In response to this shift in values, enterprising travel companies have begun to offer guests the chance to walk, climb, hike and camp their way through the African safari experience, slowing down to match the pace of life in the bush. One popular option is Robin Pope Safaris, which offers a week-long walking tour of South Luangwa National Park in Zambia, with up to eight hours a day on foot for a maximum of six guests. This gives you on-the-ground experience of an extraordinarily beautiful terrain that’s home to lion, elephant, leopard, buffalo and zebra. Nights are spent in mobile bush camps, where beautifully furnished, absurdly comfortable tents are erected each evening for guests to collapse into.

For a different type of wildlife, there is Odzala Discovery Camp in the Congo, where visitors follow local trackers on foot deep into the rainforest to search for lowland gorillas and chimpanzees. The sights and sounds of the Marantaceae forest will shape your days as you hike through it each morning and afternoon – and the incredible array of life along these ancient forest trails is worth the journey to the Congo alone.

For a river-based experience, Sasaab Lodge in the Northern Frontier District in Kenya tailors its walks to your fitness and energy levels and offers the option for guests to sleep in mobile tented camps on the banks of the Ewaso Nyiro River, dozing off to the sounds of hippo gruffly snorting throughout the night. You can spend your days rowing down the river or walking alongside it, stopping to watch animals frolicking, drinking and cooling off in the water.

Immersive sleeping experiences are also becoming increasingly popular. Old Africa hand Colin Bell will, this June, launch the much-anticipated Sable Alley in Botswana – and one of the many options open to his guests are Skybeds: comfortable double beds set high above the trees, far away from the rest of the camp. “There is nothing quite like falling asleep to the sounds of the bush, with the light of the stars above you”, he says. “It is incredible – the best way to feel like you are truly in the heart of the Africa, a million miles away from civilisation. And we really have thought of everything – including a little bathroom just under the bed, so you don’t have to risk your life if you need the loo in the night.”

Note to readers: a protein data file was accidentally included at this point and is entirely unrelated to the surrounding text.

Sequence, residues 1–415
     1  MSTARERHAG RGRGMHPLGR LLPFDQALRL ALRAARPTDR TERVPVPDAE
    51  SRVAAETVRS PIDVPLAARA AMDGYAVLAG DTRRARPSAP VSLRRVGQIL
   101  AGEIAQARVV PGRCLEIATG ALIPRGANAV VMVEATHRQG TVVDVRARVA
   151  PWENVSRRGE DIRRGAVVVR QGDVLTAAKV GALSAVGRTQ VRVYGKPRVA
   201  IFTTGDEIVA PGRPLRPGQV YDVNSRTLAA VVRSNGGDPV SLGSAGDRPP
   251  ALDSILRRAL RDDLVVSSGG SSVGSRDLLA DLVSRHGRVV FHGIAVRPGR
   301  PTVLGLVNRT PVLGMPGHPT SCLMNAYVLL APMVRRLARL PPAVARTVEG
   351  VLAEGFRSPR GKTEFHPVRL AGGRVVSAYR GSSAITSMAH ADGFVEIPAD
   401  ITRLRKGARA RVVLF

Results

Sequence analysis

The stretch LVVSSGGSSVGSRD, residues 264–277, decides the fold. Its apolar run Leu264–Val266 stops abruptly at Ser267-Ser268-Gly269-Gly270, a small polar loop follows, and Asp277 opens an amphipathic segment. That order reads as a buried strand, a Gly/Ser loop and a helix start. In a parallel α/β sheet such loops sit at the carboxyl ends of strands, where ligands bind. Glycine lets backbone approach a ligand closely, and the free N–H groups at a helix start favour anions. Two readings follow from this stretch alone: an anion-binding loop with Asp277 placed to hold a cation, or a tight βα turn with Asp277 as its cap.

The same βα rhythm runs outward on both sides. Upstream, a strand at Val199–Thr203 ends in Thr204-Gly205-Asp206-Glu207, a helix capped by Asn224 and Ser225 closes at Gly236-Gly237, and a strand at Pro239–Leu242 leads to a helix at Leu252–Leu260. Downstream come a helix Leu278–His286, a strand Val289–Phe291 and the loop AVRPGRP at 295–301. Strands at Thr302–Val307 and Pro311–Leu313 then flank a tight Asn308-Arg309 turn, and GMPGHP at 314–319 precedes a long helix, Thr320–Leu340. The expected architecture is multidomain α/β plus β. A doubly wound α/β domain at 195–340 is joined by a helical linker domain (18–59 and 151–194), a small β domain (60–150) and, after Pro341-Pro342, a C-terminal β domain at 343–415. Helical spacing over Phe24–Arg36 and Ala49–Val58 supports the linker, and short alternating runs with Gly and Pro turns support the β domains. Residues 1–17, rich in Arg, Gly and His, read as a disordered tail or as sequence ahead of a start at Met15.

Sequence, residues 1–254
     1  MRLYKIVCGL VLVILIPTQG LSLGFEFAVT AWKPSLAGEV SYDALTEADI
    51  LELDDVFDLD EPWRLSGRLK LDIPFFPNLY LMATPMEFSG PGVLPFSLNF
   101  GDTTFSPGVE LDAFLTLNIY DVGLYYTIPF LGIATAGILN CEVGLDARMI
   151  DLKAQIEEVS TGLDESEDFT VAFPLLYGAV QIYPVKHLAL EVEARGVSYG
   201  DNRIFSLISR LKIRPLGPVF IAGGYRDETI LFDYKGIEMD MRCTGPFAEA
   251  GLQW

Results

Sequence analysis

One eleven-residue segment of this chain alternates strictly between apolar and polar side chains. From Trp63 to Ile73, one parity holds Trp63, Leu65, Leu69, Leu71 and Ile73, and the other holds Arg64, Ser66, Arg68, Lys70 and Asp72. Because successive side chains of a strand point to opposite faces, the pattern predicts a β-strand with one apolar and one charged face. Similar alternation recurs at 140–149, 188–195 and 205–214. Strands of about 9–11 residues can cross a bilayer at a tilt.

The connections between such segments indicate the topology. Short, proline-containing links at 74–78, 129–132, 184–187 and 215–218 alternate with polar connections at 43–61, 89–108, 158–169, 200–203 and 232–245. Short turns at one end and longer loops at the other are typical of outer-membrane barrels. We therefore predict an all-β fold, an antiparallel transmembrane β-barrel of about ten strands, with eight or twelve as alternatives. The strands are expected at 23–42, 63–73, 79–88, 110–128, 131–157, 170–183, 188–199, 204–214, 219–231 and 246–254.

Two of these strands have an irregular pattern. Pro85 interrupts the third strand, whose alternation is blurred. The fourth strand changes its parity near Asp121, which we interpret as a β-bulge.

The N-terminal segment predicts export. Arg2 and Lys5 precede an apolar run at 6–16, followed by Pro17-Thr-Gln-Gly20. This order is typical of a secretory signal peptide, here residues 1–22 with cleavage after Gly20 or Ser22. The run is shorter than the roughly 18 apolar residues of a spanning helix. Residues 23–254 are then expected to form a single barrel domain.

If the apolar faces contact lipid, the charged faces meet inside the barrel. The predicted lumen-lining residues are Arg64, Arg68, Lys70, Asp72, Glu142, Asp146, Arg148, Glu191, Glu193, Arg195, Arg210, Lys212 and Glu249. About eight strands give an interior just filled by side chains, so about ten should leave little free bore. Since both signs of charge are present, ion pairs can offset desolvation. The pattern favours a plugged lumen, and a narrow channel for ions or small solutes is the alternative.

And if you’ve slept outdoors in a Botswanan game park, why not further test your bravery and try spending the night on a volcano? Virunga National Park is home to Mount Nyiragongo, a stratovolcano that features the world’s largest lava lake at its summit, while the forested lower slopes are home to a variety of animals including chimpanzees, monkeys and bushbuck.

From the rim of the volcano, visitors can peer down into a churning lava lake and see and hear hot gases exploding up though a mosaic of molten lava. Treks to the summit take around an hour from Mikeno Lodge in Rumangabo, but the majority of guests choose to sleep on the rim so they can watch the awe-inducing contrast of the hot orange lava bubbling against the black of the night sky.